A mere three months ago, bond traders were a fairly relaxed group of people.
The 10-year Treasury bond yielded a modest 1.52% per year and had been trading around that mark for nine straight months. While inflation was bumping up, the Federal Reserve assured the markets it was transitory due to pandemic-related inefficiencies and there was no need for concern.
The first few months of 2022 have shattered bond traders’ serenity with Treasury yields rising (and, therfore, bond prices falling) significantly in just three months:
|Treasury term||12/31/2021 rate||3/25/2022 rate||% yield change|
Source: US Treasury
Additionally, traders’ speculation about future Federal Reserve rate hikes created a yield curve inversion – something you will likely hear about in the coming days and weeks.
Typically shorter-term bonds offer investors a lower interest rate while longer-term bonds offer a higher interest rate. This makes sense as there is less time for negative variables to impact investors’ total return.
As of Friday, bond traders created a yield inversion by pushing the yield on 5-year Treasuries higher than 10-year Treasuries, expressing their opinion that there are more risks in the next 5 years than the 5 years after that.
Persistent yield curve inversions can be an early warning sign of a potential recession within the next 12-18 months. However, while most recessions are preceded by a yield curve inversion, all yield curve inversions do not precede future recessions. Sometimes traders are simply too pessimistic about the future.
Right now traders are pricing in a very aggressive Federal Reserve rate hike schedule which is boosting the yields on shorter-term Treasuries. According to the CME FedWatch Tool, traders are expecting the Federal Reserve to raise its overnight lending rate by .50% on May 4, June 15, and July 27 for a total of 1.50% in the next four months.
By July 2023, traders have priced in an overnight lending rate of 3.25% to 3.50% which we have not seen since before the Global Financial Crisis in 2007.
Will bond traders’ current serenity-shattered yield-inverting economic opinions come true? Or will the Federal Reserve take a more measured approach to its rate hikes to reduce the risk of a future recession? We flat out do not know.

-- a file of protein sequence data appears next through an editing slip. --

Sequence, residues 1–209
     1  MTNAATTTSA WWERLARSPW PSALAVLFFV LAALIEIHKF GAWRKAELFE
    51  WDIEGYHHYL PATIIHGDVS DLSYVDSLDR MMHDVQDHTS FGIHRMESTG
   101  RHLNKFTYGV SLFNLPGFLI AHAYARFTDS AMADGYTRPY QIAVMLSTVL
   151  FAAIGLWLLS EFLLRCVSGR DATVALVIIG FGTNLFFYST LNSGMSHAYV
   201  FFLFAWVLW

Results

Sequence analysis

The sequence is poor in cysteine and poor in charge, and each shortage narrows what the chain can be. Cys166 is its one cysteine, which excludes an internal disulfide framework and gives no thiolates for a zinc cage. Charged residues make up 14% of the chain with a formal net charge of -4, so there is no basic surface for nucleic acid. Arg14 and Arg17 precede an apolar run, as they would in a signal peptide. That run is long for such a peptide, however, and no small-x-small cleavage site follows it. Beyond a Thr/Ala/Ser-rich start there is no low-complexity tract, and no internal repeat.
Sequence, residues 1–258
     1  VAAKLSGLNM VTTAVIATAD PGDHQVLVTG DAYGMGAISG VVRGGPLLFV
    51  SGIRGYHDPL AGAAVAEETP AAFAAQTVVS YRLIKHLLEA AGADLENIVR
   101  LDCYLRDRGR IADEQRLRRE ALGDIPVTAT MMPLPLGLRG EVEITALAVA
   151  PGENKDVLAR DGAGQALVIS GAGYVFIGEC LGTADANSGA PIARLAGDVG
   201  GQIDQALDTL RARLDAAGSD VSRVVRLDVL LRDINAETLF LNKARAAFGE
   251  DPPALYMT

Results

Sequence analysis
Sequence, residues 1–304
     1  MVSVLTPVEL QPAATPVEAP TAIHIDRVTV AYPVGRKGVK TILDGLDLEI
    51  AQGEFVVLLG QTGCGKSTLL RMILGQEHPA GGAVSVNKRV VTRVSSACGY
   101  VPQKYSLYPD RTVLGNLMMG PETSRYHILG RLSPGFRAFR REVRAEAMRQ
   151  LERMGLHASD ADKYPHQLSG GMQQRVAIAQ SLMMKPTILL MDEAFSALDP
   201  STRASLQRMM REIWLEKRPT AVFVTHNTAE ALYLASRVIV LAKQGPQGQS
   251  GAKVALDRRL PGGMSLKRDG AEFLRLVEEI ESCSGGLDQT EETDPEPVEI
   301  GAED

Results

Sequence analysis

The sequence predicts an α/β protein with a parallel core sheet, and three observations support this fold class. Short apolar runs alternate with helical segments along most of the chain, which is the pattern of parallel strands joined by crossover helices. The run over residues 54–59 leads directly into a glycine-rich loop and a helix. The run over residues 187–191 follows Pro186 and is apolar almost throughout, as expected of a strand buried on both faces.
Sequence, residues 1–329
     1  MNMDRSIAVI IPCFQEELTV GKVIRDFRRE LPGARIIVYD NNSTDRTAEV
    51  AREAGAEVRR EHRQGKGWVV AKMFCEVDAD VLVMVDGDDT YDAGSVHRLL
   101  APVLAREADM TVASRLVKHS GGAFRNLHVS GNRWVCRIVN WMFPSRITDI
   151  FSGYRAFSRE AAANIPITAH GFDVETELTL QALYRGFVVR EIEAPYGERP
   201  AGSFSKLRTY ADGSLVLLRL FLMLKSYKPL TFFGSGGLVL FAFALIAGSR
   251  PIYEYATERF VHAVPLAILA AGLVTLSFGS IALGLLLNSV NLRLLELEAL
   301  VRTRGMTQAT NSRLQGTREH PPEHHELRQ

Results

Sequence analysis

What we do know is that, depending on the individual investment and inflation risks built into our clients unique portfolios, we had prepared for rising interest rates by reducing our strategic allocation to interest-rate sensitive bonds. We also know that when traders potentially overreact the opportunity may exist for future unexpected positive returns.
We also know that our commitment to maintaining a diversified portfolio that is consistent with your financial plan does not waver in volatile markets. If anything, our resolution grows stronger.
Quote of the week: Daniel Kahneman: “Our comforting conviction that the world makes sense rests on a secure foundation: our almost unlimited ability to ignore our ignorance.”
Securities offered through LPL Financial. Member FINRA/SIPC. Investment advice offered through IAG Wealth Partners, LLC, (IAG) a registered investment advisor and separate entity from LPL Financial. Government bonds and Treasury bills are guaranteed by the US government as to the timely payment of principal and interest and, if held to maturity, offer a fixed rate of return and fixed principal value. There is no guarantee that a diversified portfolio will enhance overall returns or outperform a non-diversified portfolio. Diversification does not protect against market risk. Any opinions are those of IAG and not necessarily those of LPL Financial. Expressions of opinion are as of this date and are subject to change without notice. This information is not intended as a solicitation or an offer to buy or sell any security referred to herein. No strategy assures success or protects against loss. Investing involves risk including loss of principal.